Marshall & Julie: Day 5

1 08 2010

Another reminder (mainly so the “Marshall and Julie” graphic will fit nicely into the post): these posts are not in real time.  They were all written at a previous date.  So there.  Now, enjoy.

Day 5: “…To Make An Omelette” / “…To Maintain a Blog”

Julie begins the chapter describing something that I know all too well: the obligation that the blogger feels to satisfy the reader.  This was one of my earliest fears when I start my blog, and I included it in my first post:

How on earth am I going to have time to maintain a blog?  My guess is that this will become an incredibly self-serving project, giving all the time I spend watching movies some sense of purpose, but if people actually take time out of their day to read my thoughts, I will no doubt feel the need to give them what they desire.  And much of the time, I will want to leave the world of pre-calculus and physics to write about the world of cinema.  But please, dear readers, do not let me!  It falls under the category of “the greater good.”  I will most assuredly want to write, and you most assuredly will want to read, but I desperately want to go to college, and if I do not do my homework, I will not go!

Julie only manages to mark six recipes off the list in two weeks because of her parent’s visit.  This makes her feel compelled to go full steam ahead despite having a bum wheel.  Eric, looking out for her well being, tells her to stay on the couch and elevate the foot, but Julie will have none of it.  She plays the “I have readers that need me” card, to which Eric responds that they could survive without hearing her latest story.

In the initial weeks that I began blogging, my aunt offered up some advice.  She told me that in order to run a trustworthy blog, you have to give them some sort of organization and routine to follow.  If you only have the time to write something once a week, settle on that.  If you can post something everyday, that’s even better.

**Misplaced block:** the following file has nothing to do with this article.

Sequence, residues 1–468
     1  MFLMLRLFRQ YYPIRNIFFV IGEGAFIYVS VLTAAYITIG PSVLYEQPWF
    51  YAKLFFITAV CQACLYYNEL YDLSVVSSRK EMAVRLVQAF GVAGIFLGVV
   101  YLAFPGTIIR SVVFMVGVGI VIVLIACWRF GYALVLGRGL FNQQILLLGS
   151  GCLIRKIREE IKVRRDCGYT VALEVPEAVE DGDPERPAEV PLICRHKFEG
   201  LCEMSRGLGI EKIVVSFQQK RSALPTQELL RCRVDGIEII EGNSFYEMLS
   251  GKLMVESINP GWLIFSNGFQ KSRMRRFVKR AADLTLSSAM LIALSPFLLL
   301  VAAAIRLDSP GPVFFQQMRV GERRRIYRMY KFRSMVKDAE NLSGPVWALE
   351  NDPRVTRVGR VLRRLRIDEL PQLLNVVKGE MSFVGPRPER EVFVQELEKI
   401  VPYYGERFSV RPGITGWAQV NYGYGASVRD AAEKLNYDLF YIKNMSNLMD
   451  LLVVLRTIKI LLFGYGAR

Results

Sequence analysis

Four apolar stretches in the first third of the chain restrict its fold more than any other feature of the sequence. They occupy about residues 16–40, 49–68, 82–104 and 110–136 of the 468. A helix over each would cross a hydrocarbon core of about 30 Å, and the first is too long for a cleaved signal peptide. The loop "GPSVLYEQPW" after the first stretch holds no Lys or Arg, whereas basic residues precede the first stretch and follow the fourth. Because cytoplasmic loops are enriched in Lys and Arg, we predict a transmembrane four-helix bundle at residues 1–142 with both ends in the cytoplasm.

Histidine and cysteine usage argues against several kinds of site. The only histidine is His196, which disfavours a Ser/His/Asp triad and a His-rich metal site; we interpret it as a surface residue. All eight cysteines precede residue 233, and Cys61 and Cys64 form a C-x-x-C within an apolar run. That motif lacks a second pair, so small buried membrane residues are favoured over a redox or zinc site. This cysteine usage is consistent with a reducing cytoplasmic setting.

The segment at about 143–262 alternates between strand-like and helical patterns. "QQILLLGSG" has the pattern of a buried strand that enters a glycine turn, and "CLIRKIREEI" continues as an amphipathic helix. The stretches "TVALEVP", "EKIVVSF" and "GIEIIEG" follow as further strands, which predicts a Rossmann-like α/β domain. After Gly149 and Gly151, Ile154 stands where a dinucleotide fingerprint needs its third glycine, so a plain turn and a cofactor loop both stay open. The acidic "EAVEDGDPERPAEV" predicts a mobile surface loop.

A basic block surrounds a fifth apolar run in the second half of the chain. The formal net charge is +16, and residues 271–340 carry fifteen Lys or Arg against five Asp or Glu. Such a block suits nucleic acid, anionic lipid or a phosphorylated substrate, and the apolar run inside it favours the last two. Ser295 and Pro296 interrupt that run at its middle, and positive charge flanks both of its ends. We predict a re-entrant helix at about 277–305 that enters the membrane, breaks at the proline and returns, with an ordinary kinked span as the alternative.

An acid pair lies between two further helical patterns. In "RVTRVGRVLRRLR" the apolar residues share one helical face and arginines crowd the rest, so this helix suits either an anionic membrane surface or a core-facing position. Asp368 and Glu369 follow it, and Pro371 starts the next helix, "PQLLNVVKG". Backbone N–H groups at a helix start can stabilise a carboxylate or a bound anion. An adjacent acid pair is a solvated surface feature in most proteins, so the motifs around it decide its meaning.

I have a fair few readers, and I do feel the need to give them what they want.  My routine is to post a random factoid daily and some sort of other feature pops up at least every three days (I don’t know why, but some neurosis in me doesn’t think it’s OK to have more than three factoids in a row).  Sometimes, I have an abundance of things I want to post and I have to spread it out over a few days.  However, I am usually struggling to get that post up every third day.  I invented several new categories, such as the “Oscar Moment” and “What To Look Forward To,” trying to find something to post.  But the more I think about it, my readers wouldn’t care if I posted 10 factoids in a row.  That’s where I get most of my comments, anyways.  The organization of my blog isn’t to satisfy my readers; it is to calm the extremely anal neat-freak inside of me.

And never do I think that my readers “need” me.  There are infinitely many blogs about movies, just like there are infinitely many blogs about any subject.  I am not blessed with a niche market like Julie; I doubt there were many people in 2002 cooking their way through Julia Child’s cookbook.  If I started slacking off, someone else is out there reviewing movies or revealing their neuroses.  Heck, people get paid to do the former.  They could just as easily go read only Roger Ebert or Peter Travers, but for some reason they choose me (or at least include me).  I know that I have to earn my readers, and that only by constantly bettering my writing can I hope to keep them.